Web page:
[ Newsletter - December 2013 ]
Obsessive-Compulsive Disorder (OCD)
By: Mareli Fischer
OCD is an anxiety disorder with two main symptoms, namely intrusive thoughts and compulsive rituals. The intrusive thoughts or so called obsessions, produce uneasiness, worry and feelings of apprehension for the individual. The compulsions, or repetitive behaviour patterns, are aimed at reducing the anxiety. Symptoms of this disorder can be very alienating to the diagnosed individual, and may impair functioning in various areas of life, such as work and relationships.
People who suffer from OCD usually realize that their obsessions and compulsions are irrational, and this may add to their distress. For many people, OCD starts during childhood or adolescence. Most people are diagnosed by the end of their teenage years, or early twenties. Symptoms of OCD may come and go and be better or worse at different times in the individual's life.
These thoughts persist despite the person's best attempt to control or ignore them.
Obsessive thought content varies from person to person, and also in clarity and vividness.
A relatively vague obsession could involve a general sense of disarray or tension accompanied by a belief that life cannot proceed as normal while this imbalance remains.
A more intense obsession could be a preoccupation with the thought or image of someone close to them dying.
Obsessions may concern the possibility that someone or something other than oneself—such as God, the Devil, or disease—will harm either the person with OCD or the people or things that the person cares about.
Other obsessions may involve inappropriate aggressive thoughts, such as harming the elderly, impulses to violently attack a person or child, or to shout abuse at someone.
They may be of an inappropriate sexual nature, such as thoughts or images of kissing, fondling, engaging in oral sex, intercourse or even rape with strangers, acquaintances, family members, co-workers etc. Like other unwanted intrusive thoughts or images, everyone has some inappropriate sexual thoughts at times, but people with OCD may attach significance to the unwanted sexual thoughts, generating anxiety and distress. The doubt that accompanies OCD leads to uncertainty regarding whether one might act on the intrusive thoughts, resulting in self-criticism or loathing and low self-esteem.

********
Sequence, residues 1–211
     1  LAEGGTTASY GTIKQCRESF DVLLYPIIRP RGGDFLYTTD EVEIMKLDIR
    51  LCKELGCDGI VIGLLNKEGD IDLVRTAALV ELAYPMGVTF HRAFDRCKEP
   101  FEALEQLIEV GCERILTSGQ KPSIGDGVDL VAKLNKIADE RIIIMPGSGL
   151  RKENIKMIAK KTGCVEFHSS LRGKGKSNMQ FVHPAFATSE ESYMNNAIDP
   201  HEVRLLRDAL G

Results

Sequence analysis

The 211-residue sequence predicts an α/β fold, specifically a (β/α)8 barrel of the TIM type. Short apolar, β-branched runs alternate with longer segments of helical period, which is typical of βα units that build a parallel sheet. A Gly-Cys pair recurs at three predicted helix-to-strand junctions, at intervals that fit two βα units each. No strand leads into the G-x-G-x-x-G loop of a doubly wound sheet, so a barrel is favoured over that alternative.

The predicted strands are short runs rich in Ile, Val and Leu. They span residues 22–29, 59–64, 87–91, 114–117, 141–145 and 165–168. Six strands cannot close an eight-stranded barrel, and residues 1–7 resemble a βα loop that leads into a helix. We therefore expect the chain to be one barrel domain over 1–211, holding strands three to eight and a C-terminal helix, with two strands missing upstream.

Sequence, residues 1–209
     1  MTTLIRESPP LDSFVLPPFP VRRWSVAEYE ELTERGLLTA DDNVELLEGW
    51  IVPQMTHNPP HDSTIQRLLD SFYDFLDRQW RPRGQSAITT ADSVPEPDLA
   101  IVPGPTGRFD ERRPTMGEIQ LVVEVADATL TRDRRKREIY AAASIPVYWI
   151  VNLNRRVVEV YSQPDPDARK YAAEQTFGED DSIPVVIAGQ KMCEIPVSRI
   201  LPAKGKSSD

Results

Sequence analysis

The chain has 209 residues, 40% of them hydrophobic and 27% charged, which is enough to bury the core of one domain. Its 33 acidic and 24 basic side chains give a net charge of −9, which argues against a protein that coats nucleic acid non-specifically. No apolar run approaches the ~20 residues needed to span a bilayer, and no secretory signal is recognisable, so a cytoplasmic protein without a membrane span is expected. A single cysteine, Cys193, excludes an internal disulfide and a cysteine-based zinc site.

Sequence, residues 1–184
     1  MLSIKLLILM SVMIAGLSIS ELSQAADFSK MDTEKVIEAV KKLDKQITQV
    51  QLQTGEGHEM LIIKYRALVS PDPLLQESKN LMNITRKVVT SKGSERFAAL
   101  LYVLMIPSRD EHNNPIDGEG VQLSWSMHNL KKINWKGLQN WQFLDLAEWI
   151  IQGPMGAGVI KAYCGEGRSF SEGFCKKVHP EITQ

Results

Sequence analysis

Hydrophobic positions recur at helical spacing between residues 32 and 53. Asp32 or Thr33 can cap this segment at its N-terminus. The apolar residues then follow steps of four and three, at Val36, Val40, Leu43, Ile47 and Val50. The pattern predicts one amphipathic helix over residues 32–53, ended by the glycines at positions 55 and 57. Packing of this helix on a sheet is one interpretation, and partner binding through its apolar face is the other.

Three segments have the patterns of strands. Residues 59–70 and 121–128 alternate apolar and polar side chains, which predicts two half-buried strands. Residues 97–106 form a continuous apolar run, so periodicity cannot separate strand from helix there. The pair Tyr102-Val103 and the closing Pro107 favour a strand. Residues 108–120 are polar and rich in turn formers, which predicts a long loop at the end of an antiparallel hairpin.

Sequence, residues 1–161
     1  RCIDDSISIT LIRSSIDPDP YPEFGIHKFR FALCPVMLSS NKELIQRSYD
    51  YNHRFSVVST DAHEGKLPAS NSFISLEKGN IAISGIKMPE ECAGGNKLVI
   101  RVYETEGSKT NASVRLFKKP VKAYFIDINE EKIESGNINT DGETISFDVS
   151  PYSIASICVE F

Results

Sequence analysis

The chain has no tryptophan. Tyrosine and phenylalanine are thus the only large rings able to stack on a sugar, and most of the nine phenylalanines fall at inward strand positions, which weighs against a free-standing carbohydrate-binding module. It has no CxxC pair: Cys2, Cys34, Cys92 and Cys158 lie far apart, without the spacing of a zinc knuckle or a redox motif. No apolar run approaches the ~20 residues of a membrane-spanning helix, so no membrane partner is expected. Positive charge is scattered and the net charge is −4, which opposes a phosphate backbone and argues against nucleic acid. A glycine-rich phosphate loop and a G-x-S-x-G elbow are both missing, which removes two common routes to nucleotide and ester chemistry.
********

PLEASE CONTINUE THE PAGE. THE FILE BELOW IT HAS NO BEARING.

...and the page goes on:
Blasphemous thoughts are also a very common, and very distressing obsession experienced by people who suffer from OCD. This can range from bad thoughts or images during prayer, to thoughts of being possessed or impulses to say blasphemous words or commit blasphemous acts during religious services.
- People with OCD perform certain actions over and over again, or according to a strict ritual, because of an inexplicable feeling that they are compelled to do so, or in an attempt to mitigate anxiety caused by obsessive thoughts. The person might feel that these actions somehow either will prevent a dreaded event from occurring, or will push the event from their thoughts. However, this relief is always only temporary.
- Excessive skin picking (dermatillomania) and hair plucking (trichotillomania) and nail biting (onychophagia) are all on the Obsessive-Compulsive spectrum, and examples of rituals.